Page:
Blood Rider sounds like it could be a Hollywood action-thriller starring Idris Elba, but it’s actually a 17-minute short documentary that premiered on YouTube as part of the We Are One Festival. That doesn’t make it any less pulse-pounding than the next James Bond, it just means the thrills come packaged in a real world with real stakes on a smaller screen. Director Jon Kasbe (When Lambs Become Lions) and his team embed themselves with a young Nigerian man named Joseph whose job it is to deliver life-saving blood to mothers in labor, and simultaneously at the maternity ward of a local hospital. Kasbe films the mother in labor, while his second cinematographer David Bolen follows Joseph on his motorbike, as we watch their worlds converge in real-time.
In Nigeria, where the maternal mortality rate is the 4th highest in the world, death is a constant. The danger of death is one of the few consistencies for Joseph. We watch as he recounts to his friends a past mission where he arrived five minutes too late and the woman didn’t make it. His friends can’t fathom being a ‘Blood Rider’, though it’s not clear if their reticence is due to the extreme emotional toll it must take, or the risky driving through Lagos traffic that puts Joseph’s own life at risk. His nail-biting commute may make you more grateful for your current work-from-home situation.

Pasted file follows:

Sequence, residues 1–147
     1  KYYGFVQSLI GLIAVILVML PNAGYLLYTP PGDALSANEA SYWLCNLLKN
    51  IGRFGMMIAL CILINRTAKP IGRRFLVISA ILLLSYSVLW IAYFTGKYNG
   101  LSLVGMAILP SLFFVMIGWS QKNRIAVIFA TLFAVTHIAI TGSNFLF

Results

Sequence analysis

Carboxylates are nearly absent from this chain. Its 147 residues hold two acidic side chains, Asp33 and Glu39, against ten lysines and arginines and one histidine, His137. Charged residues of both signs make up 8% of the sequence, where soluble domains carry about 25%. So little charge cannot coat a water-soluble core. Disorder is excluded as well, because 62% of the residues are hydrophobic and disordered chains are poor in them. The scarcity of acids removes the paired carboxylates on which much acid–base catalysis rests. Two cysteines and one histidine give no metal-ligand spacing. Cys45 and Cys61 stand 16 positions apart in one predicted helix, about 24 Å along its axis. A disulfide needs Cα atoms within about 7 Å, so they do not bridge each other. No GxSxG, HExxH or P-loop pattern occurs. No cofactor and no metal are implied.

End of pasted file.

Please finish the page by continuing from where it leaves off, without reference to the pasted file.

Like last year’s Oscar-shortlisted feature doc Midnight Family , the fly-on-the-gurney aesthetic works well and the natural light cinematography is gorgeous. The scenes with the mother in agony, the helpless father and crying newborn are quite affecting. The characters don’t have as much personality as the Ochoas from Midnight Family—perhaps because there’s only so much you can cover in 17 minutes—but the film is heartwarming all the same.
The short format is fitting for this story, mirroring the typically touted 30 minutes or less delivery times of a pizzeria. The film bursts to life like a theme park ride, and when it’s over you’ll exhale of deep sigh of relief. It shouldn’t be a spoiler to say that the happy ending will leave you feeling elated and perhaps slightly more optimistic. Blood Rider may sound scary and intense, but it’s also a touching tribute to the unsung healthcare heroes around the world.
Blood Rider is available to stream for free on YouTube through June 8th